After a minimum of 6 weeks in a moist paper towel in the refrigerator, you can plant apple seeds just as you would any other seed. They can be direct seeded outdoors if it’s after last spring frost and the soil can be worked. Since germination rates are low, and predation from squirrels, mice, and voles can be an issue early on, we recommend starting them in pots.

We place about a dozen seeds in a recycled one-gallon nursery pot along with a bit of seed starting potting mix. Keep the soil warm and moist, as you would any other spring planted seed start (ie. tomatoes).

How Long Do Apples Take to Germinate?

After 6 weeks of cold stratification, apple seeds actually germinate fairly quickly. Many of the seeds will already be germinating on the paper towel in your refrigerator, and those will emerge from the soil quickest after planting. Assuming soil temperatures are fairly warm (about 75 degrees F) the seeds should emerge from the soil in 1-2 weeks.

From there, we tend the apple seedlings in pots until the young trees are at least 4-6 inches tall. That means we’re less likely to lose them where they’re planted, but staking them is also a great idea because one casual step can mean the end of a young tree at this stage.

apples growing on an apple tree

How Long Does it Take Apple Seedlings to Bear Fruit?

The apple tree (Malus Domestica) begins to produce fruits 2-10 years after planting. This depends on the variety of the tree, and whether it was grown from seed or rootstock.

Dwarf Rootstock
A dwarf tree takes 2 to 3 years after planting to produce fruits. These are grafted onto Mark rootstocks to reduce the tree’s mature size from 12 to 6 feet tall. Be sure to support your tree; it needs extra support as it grows.

Semi-Dwarf Rootstock
This type starts producing fruit 2 to 4 years after transplanting in a garden. It requires pruning to keep it at least less than 22 feet tall.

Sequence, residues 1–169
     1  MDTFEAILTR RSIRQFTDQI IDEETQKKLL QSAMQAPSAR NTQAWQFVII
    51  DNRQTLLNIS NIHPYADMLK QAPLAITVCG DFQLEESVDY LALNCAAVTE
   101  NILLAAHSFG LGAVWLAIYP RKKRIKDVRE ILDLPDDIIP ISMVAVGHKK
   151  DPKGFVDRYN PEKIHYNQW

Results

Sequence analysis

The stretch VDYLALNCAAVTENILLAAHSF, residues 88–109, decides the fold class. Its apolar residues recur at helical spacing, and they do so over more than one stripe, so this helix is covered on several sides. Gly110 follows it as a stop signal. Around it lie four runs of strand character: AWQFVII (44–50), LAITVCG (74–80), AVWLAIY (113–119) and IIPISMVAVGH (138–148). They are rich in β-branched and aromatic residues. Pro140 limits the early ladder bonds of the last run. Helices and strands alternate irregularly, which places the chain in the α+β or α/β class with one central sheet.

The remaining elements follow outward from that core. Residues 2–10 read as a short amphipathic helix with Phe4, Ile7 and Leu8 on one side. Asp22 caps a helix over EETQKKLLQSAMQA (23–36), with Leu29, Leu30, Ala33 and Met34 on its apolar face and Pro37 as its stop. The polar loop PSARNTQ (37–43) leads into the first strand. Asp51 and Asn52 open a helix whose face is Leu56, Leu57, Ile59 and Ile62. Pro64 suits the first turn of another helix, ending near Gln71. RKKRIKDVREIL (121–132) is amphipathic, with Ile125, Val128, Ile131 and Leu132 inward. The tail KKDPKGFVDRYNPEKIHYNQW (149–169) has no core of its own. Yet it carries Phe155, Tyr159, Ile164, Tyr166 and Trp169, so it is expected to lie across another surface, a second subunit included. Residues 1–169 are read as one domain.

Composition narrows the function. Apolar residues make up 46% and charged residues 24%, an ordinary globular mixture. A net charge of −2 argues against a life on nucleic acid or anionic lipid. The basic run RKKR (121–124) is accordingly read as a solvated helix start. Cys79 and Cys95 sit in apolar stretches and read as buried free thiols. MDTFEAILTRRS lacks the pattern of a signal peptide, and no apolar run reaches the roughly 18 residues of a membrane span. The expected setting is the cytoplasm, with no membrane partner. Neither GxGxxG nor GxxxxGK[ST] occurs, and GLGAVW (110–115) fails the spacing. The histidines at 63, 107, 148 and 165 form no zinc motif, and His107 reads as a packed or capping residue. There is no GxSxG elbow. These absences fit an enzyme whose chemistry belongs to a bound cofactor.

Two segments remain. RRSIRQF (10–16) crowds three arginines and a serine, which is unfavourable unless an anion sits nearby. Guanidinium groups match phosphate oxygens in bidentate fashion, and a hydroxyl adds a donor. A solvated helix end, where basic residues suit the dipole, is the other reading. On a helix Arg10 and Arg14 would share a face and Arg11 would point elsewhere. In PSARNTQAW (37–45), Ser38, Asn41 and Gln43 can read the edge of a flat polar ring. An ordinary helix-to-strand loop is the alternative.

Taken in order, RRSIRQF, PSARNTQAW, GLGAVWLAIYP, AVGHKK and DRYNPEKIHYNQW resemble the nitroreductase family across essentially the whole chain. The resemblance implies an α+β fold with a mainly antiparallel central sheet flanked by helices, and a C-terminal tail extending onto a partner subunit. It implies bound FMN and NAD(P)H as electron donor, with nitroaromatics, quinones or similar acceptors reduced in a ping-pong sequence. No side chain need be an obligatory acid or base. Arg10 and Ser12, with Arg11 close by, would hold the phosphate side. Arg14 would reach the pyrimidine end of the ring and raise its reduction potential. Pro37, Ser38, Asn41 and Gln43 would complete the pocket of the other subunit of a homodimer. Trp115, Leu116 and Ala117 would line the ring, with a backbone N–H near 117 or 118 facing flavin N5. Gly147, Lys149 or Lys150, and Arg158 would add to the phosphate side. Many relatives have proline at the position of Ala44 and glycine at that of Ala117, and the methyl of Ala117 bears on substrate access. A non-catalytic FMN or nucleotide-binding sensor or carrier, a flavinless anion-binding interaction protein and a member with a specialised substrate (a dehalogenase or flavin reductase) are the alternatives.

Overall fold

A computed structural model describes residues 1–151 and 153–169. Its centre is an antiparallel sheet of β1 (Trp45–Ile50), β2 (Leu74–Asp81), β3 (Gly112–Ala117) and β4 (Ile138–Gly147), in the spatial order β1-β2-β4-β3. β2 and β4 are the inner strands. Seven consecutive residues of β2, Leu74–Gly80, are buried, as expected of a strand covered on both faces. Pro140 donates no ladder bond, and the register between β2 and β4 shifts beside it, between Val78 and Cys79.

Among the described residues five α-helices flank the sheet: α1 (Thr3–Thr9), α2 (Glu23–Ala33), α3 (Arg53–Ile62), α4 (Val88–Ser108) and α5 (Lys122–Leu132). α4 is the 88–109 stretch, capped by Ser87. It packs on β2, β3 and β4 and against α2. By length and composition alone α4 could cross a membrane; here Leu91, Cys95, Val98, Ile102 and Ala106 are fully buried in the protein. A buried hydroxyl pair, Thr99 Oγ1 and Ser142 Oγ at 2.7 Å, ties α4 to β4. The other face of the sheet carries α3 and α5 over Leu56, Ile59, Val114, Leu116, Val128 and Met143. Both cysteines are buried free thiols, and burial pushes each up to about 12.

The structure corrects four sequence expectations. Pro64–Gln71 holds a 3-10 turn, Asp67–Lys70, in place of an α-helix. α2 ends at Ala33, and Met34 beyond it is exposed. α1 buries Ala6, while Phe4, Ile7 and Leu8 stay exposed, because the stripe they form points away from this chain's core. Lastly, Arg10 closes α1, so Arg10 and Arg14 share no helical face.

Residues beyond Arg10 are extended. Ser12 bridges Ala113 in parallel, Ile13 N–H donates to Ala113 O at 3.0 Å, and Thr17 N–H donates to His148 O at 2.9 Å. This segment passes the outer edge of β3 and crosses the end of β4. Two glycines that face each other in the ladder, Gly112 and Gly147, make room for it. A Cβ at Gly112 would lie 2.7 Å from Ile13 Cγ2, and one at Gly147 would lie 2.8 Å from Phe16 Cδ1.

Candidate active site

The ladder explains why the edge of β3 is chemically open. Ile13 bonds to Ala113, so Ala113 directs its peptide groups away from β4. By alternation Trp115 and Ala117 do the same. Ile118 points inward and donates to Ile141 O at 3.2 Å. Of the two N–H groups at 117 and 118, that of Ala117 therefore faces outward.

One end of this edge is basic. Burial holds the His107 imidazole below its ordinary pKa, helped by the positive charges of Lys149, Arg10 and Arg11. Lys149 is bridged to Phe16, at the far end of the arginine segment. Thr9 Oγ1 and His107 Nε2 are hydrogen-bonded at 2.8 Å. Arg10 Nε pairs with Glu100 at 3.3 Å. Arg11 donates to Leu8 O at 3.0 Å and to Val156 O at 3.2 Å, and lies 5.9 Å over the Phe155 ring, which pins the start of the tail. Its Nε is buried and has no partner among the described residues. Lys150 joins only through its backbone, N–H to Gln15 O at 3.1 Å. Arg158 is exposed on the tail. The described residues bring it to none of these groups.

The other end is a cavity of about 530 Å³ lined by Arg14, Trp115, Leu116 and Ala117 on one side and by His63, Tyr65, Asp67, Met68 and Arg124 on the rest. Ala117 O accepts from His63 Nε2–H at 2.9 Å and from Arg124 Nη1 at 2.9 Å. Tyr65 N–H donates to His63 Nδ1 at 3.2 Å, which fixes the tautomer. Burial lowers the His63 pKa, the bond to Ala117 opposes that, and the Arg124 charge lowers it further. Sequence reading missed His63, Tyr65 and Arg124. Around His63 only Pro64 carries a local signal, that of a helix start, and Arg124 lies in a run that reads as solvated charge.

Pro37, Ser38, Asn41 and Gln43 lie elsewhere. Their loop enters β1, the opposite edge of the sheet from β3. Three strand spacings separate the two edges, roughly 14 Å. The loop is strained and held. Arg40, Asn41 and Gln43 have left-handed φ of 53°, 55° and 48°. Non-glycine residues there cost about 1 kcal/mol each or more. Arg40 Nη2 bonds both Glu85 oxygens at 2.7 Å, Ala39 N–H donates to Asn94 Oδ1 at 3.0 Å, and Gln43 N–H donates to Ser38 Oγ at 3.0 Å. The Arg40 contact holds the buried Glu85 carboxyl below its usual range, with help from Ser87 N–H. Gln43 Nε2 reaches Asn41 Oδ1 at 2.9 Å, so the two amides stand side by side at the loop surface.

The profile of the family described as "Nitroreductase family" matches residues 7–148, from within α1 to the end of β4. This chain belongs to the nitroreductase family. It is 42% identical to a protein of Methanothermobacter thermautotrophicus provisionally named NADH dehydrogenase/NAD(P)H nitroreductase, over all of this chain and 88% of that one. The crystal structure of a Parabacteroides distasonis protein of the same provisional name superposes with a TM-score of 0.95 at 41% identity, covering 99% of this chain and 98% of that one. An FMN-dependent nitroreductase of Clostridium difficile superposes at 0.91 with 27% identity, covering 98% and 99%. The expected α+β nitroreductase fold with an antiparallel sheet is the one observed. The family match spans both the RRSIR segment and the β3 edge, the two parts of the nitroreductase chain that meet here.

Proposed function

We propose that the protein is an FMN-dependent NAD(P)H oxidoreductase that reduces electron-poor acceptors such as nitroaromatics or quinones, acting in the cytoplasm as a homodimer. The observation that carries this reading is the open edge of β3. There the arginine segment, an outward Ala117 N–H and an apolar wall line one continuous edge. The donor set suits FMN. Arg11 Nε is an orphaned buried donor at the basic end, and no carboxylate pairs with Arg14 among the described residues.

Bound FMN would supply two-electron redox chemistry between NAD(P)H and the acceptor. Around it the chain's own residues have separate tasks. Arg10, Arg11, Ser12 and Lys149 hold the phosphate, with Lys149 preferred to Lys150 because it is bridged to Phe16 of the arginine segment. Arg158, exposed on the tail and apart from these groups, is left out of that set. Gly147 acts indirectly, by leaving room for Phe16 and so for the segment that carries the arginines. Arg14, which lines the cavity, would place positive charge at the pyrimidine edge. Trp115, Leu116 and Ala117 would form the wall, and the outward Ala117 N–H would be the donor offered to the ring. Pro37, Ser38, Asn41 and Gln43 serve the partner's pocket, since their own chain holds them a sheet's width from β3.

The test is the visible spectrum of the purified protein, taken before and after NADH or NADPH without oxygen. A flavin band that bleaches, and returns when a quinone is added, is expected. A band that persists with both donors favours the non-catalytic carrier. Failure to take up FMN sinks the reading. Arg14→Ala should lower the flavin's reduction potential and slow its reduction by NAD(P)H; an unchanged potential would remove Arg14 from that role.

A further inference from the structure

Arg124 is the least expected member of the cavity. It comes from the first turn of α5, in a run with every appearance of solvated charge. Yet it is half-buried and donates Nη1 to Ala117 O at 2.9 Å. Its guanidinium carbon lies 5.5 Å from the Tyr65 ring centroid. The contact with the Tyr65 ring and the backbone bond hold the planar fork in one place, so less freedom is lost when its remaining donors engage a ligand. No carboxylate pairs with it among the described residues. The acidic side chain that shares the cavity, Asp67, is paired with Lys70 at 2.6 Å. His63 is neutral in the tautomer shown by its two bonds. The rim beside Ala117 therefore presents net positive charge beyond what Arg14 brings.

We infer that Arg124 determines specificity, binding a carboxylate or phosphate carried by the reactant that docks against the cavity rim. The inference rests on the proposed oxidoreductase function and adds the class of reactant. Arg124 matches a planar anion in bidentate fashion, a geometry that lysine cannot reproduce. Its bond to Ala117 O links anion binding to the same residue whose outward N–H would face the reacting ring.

Standard Rootstock
This type begins to produce fruit 4 to 6 years after planting. The rootstock may be MM.11 or P.18 and it produces a large tree of about 30 feet tall with a wide canopy. Keep the tree smaller by pruning it each year in late winter or early spring when it’s dormant.

Grown From Seed
Apple trees are grown directly from seed take between 6 to 10 years to bear fruit. The seeds are likely to grow into a full-size tree even if they were from a dwarf tree.

We have gotten our apple trees from many different places. Our first trees were bought at Home Depot, for the most part they have done really well. Two of our other trees came from Gross’ Apple Orchard in Bedford Virginia.  We are currently looking into buying a few more from Stark Bro’s.

You don’t need an entire orchard to get a decent apple harvest, you just need two trees!! Making starting your own apple orchard very easy.  And now that you know everything about growing apple trees from seed you are ready to start. 

Thanks for visiting the farmhouse we hope that you found inspiration for your homestead. 

Want to keep up on how our Apple Trees are doing be sure to join our FREE Simple Farmhouse Living Newsletter. 

Want to know more about growing apple trees and starting your orchard? Be sure to check out these great posts about apples & orchards.

Want to know what to do with all of your apples? Check out what we make with apples.